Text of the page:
The biggest advantage of wearing reading glasses is that you do not have to suffer while reading or looking at things close up. The reading glasses improve your vision, so you don’t have to strain your eye. As such, you can enjoy reading and looking at small items without experiencing headaches, eyestrain, and other uncomfortable symptoms.

Depending on your style, reading glasses can also help you achieve the look you are looking for. Because reading glasses come in so many styles today, you can find a pair that not only matches your style but completes it.

young boy wearing eye glasses
Image Credit: Piqsels

Disadvantages of Reading Glasses

Whenever you purchase a good pair of reading glasses suited for your eyes, the disadvantages are minimal. Although the glasses may get in the way or make you feel dorky, reading glasses don’t offer any true disadvantages if you truly need them.

However, selecting cheaply made glasses may be a waste of money. They don’t correct the refraction issue. Instead, they just magnify the print, sidestepping the issue entirely.

Something else to consider is that reading glasses are not designed for individuals with bad vision. It simply helps to correct presbyopia. If you suffer from poor vision, especially at long distances, reading glasses are not going to help you. Instead, you will need to talk to a doctor about getting prescription eyeglasses. Do not try to self-medicate with readers if you are truly having trouble seeing.

Frequently Asked Questions (FAQs)

Can I wear reading glasses if I don’t need them?

Yes. You can wear reading glasses even if you don’t need them. Unlike prescriptive glasses, reading glasses do not correct your vision, which means they will not alter your vision after you take them off.

Can you wear reading glasses all the time?

It is not recommended to wear reading glasses all the time. Because of the lens shape, reading glasses can negatively impact your long-distance vision while you are wearing them. Just take the reading glasses off whenever you need to utilize your long vision to fix the problem.

woman with eye glasses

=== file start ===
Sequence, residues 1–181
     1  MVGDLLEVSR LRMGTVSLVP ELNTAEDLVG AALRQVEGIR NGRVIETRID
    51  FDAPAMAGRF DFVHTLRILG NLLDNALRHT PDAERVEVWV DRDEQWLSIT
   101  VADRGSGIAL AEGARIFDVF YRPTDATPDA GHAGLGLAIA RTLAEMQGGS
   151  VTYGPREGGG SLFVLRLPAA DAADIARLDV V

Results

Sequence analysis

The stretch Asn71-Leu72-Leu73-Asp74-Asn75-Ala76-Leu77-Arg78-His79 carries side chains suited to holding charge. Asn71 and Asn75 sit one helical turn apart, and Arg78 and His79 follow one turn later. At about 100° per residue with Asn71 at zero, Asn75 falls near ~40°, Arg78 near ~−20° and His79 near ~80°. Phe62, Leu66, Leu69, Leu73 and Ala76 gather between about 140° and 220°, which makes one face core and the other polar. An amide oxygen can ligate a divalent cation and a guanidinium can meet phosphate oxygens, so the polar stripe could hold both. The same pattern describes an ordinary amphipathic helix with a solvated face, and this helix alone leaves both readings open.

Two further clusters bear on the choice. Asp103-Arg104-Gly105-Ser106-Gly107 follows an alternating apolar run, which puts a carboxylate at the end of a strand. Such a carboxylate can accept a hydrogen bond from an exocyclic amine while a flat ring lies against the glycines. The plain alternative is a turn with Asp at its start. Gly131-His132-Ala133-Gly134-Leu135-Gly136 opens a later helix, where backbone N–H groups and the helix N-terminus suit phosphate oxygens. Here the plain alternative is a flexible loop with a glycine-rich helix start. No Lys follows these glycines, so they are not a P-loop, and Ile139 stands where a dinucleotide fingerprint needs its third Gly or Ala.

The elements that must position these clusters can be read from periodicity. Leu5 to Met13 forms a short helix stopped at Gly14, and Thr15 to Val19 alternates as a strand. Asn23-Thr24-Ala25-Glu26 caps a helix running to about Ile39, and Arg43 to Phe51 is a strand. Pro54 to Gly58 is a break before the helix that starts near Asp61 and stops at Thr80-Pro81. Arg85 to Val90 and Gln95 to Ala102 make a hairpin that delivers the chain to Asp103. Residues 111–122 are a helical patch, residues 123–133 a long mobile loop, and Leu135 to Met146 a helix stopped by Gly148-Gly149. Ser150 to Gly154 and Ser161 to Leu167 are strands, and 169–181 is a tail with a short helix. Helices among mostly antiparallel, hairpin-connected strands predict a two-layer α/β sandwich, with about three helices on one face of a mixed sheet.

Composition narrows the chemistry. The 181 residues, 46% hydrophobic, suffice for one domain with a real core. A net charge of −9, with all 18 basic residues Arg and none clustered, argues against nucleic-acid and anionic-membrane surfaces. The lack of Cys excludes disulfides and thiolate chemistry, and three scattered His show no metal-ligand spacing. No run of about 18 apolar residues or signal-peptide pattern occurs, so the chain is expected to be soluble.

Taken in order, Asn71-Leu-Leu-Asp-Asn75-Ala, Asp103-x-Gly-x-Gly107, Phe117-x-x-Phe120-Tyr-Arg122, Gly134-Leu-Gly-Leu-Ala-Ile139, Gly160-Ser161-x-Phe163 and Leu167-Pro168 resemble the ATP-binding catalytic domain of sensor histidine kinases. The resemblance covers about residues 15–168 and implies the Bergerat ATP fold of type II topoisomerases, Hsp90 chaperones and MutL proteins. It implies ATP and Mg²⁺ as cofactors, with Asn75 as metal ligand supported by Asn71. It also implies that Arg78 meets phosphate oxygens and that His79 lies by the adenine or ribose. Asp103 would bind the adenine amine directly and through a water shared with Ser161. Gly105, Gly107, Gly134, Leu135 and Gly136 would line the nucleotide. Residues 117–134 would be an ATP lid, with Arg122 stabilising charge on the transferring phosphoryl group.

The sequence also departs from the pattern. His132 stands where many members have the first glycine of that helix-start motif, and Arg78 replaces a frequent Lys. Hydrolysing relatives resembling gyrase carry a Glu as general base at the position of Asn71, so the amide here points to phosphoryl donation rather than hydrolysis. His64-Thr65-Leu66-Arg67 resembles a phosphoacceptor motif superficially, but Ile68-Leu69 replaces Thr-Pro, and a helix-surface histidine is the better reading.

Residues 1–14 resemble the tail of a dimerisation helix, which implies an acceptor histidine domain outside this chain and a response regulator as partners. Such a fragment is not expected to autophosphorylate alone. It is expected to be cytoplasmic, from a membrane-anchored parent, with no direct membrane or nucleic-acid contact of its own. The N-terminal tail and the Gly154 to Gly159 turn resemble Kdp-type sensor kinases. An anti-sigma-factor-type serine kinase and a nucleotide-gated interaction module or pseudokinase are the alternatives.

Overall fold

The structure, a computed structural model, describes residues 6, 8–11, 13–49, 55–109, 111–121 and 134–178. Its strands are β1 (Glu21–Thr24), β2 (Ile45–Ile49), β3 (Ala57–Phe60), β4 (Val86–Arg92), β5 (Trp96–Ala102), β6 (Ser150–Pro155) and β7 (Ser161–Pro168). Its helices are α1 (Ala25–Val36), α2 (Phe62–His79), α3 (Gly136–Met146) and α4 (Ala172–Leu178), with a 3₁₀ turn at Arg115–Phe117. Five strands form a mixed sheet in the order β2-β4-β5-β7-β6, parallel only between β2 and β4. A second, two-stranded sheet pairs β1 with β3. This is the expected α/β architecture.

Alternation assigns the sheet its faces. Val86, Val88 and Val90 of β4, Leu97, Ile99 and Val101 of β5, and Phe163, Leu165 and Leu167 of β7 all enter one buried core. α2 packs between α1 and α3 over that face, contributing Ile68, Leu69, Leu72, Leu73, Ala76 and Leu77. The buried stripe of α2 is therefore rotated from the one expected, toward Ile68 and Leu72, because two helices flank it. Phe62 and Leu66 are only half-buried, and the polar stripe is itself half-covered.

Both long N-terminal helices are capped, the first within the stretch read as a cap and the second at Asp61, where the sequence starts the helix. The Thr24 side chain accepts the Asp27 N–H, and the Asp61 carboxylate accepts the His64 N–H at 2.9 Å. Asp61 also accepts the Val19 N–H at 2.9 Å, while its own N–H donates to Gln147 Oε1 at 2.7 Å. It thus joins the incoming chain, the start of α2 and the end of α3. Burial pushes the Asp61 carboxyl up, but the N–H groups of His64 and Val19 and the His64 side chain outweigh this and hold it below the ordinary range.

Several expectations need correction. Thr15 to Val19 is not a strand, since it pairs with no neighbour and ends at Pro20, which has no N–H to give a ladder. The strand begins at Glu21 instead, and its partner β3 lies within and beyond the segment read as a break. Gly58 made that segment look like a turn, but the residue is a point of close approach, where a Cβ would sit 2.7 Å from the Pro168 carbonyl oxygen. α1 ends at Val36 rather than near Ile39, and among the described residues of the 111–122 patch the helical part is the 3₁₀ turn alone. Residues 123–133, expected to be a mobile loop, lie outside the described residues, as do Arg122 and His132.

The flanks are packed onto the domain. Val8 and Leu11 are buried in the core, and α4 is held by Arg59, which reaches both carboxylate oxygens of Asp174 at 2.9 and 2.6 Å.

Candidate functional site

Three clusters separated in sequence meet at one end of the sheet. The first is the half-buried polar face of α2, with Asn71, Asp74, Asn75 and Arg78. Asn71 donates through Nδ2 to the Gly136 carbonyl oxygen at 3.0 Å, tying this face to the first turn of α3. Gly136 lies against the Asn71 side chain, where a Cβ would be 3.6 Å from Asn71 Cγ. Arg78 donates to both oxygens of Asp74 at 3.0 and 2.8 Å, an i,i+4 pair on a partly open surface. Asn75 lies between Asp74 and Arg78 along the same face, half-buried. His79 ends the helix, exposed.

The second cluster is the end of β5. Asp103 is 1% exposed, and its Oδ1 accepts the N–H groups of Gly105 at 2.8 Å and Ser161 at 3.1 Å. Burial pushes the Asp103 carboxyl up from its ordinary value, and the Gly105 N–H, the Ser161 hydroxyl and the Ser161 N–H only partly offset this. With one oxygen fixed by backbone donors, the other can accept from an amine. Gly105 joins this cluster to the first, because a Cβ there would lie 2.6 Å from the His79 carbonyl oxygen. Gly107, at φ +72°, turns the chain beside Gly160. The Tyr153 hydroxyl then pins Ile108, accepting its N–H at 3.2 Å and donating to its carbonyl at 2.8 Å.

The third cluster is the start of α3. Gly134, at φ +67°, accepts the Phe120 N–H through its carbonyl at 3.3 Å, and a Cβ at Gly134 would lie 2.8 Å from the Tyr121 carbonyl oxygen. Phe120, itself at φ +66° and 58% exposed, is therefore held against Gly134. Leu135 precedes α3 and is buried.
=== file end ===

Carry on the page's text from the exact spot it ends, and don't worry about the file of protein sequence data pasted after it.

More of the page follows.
Image Credit: Piqsels

How do I know if I need reading glasses?

Individuals who suffer from eye strain, blurry vision, and known presbyopia will benefit from reading glasses. Some other signs that you may need reading glasses include holding objects up close to see them, frequent headaches, and constantly looking for ways to increase light.

How are readers different from prescription glasses?

Readers are specifically designed for individuals who suffer from presbyopia or related conditions. With these conditions, you don’t need glasses or vision aid all the time. Prescription glasses, in comparison, are designed for individuals who have poor eyesight all around and need aid to see as normal.

How do you know what strength reading glasses to get?

Reading glasses typically come in increments of +0.25 and start at +1.0. The further out you have to hold your book when reading, the stronger glasses you will need. It’s best to sample the glasses before buying them to ensure you get the best strength.

woman choosing eye glasses
Image Credit: George Rudy, Shutterstock


If you are suffering when trying to read small print up close, you might need reading glasses. Especially if you have a known condition called presbyopia, reading glasses can help counteract the problem so that you can see things up close clearly once again.

Although readers are great for individuals who only suffer from vision problems when reading up close, they aren’t right for everyone. If you suffer from long-distance blurriness or lack of vision at all times, it’s best to see an optometrist. The optometrist will be able to prescribe prescription eyeglasses that can help you see throughout the entire day.

Featured Image Credit: Image Point Fr, Shuttertock

About the Author Robert Sparks

Robert’s obsession with all things optical started early in life, when his optician father would bring home prototypes for Robert to play with. Nowadays, Robert is dedicated to helping others find the right optics for their needs. His hobbies include astronomy, astrophysics, and model building. Originally from Newark, NJ, he resides in Santa Fe, New Mexico, where the nighttime skies are filled with glittering stars.